Continuous Integration Makes It So Easy
Submitted By Jenkins User Manasi Jha
A student taps into an online enthusiast community and a ton of research to determine how to best automate the web development process and embrace Pipelines and Continuous Integration.
Industry: Web Development, Engineering
Platform: Linux, Windows
Version Control System: GitLab, GitHub
Build Tool: Gradle, Maven
Community Support: Jenkins Users Google Group or IRC Chat, Jenkins.io websites & blogs, Spoke with colleagues and peers
Automated workflow makes it a whole lot faster.
Background: I belong to a cyber enthusiasts club that mainly focuses on spreading awareness related to cybersecurity and promoting the usage of open source. We formed in 2018 and are now a group of more than 500 enthusiasts who are always willing to learn new things. I also host a hackathon that has been a lot of fun.
The main objective of this project was to automate the web development environment. I wanted to develop a project which can help me develop such an environment. While going through multiple online blogs and articles I got to know Jenkins could help me develop this. And this was possible using Pipelines and CI — continuous integration — one of the best properties of Jenkins. So I started learning about Jenkins and how it implements Continuous Integration and pipelines as I was very new to this stuff.
In short, here’s what I learned:
- First, a developer must commit the code to the source code repository.
- Meanwhile, the Jenkins server checks the repository at regular intervals for changes.
- As soon as a commit occurs, the Jenkins server detects the changes that have occurred in the source code repository.
- Jenkins will pull those changes and will start the preparation of a new build.
- If the build fails, the developer is notified. If successful, it deploys the test server.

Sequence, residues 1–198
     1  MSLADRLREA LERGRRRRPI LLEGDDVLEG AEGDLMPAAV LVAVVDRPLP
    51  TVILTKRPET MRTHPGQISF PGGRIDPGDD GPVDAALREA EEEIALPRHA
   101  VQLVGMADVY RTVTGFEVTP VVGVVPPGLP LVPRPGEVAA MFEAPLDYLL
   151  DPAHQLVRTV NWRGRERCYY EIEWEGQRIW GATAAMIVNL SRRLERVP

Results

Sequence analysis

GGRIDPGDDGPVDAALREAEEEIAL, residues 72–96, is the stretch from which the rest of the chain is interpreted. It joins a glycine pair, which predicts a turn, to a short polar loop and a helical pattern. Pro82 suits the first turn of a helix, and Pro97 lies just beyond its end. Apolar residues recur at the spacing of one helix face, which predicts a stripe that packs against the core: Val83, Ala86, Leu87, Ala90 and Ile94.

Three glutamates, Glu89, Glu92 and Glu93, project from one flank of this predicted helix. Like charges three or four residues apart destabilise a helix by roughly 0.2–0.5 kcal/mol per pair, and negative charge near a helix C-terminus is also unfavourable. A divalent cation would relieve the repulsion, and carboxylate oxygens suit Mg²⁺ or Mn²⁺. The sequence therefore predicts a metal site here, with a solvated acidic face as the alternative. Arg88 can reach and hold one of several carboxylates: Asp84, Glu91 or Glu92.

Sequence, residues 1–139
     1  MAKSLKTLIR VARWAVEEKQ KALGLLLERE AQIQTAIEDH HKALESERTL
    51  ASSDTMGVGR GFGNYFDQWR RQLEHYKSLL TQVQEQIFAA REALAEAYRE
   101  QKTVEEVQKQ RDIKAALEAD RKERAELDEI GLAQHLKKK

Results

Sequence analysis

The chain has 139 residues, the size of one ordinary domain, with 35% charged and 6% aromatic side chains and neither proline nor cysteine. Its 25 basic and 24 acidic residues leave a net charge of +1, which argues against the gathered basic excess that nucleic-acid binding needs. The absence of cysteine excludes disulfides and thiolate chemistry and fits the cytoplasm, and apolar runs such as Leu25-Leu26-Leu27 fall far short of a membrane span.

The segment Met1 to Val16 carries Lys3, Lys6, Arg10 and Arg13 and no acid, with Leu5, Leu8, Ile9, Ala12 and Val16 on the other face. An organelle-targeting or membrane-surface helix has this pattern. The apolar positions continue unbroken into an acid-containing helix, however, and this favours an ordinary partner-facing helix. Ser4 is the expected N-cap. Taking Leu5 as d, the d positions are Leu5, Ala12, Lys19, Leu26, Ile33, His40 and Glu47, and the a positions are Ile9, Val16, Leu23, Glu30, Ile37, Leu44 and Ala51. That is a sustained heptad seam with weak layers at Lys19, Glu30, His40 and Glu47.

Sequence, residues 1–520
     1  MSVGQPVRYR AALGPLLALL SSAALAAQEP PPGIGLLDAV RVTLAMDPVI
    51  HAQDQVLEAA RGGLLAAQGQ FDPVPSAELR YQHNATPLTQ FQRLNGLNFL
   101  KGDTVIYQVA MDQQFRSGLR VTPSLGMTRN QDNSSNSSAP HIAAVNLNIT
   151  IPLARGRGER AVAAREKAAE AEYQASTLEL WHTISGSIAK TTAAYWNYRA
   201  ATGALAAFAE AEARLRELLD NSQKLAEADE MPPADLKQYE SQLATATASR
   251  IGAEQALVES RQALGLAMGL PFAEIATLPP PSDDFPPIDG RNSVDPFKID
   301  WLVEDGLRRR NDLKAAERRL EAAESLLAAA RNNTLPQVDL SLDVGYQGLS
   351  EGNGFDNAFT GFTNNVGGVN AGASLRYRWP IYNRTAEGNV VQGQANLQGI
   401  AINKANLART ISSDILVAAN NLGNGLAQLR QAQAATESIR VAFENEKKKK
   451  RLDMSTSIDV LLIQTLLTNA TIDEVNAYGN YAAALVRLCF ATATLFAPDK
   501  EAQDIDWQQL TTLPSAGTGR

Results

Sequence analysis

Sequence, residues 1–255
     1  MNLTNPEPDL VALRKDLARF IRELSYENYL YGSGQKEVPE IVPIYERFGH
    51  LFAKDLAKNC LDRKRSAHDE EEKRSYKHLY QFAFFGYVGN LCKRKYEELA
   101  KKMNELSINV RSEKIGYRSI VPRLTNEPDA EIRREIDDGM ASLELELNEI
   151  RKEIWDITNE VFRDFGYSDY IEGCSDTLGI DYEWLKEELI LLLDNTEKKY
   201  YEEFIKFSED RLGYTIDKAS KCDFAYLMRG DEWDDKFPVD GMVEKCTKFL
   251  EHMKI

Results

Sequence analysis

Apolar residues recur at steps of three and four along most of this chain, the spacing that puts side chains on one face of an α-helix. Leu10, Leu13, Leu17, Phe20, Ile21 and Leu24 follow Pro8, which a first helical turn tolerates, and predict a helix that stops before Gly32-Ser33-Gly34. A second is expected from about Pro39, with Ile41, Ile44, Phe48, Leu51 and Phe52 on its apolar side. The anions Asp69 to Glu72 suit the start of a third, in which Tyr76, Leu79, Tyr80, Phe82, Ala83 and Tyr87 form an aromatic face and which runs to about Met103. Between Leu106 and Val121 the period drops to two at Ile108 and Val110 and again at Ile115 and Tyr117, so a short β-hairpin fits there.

- The Jenkins pipeline can be configured for automating the builds.
Goals: The main objective here was to fasten the web development process and automate.
Solution & Results: After about 2 months of research, I implemented Continuous Integration Pipelines using the Jenkins syntax which was very helpful for me. The pipeline once implemented pulls all the commits and tests it with the server. The code is built and test as soon as the developer commits the code. Jenkin will build and test code many times during the day. If the build is successful, then Jenkins will deploy the source into the test server and notify the deployment team. If the build fails, Jenkins will notify the developer of the errors.
The key capabilities of Jenkins that were used are Continuous Integration and Pipelines. The biggest benefits I receive from these are the faster deployment of the Web Development Environment and Automated Workflow. The pipeline helped to directly pull commits and deploy the servers. Automated workflow is best for developers as Jenkins pipelines send feedback to the developers if there are any errors or if the build fails.
The Jenkins properties really helped and would work on multiple other projects, too. Here are the results I received on this project:
- Faster deployment of the environment
- Automated build testing with Pipeline
- Faster feedback to the developer about the progress/ errors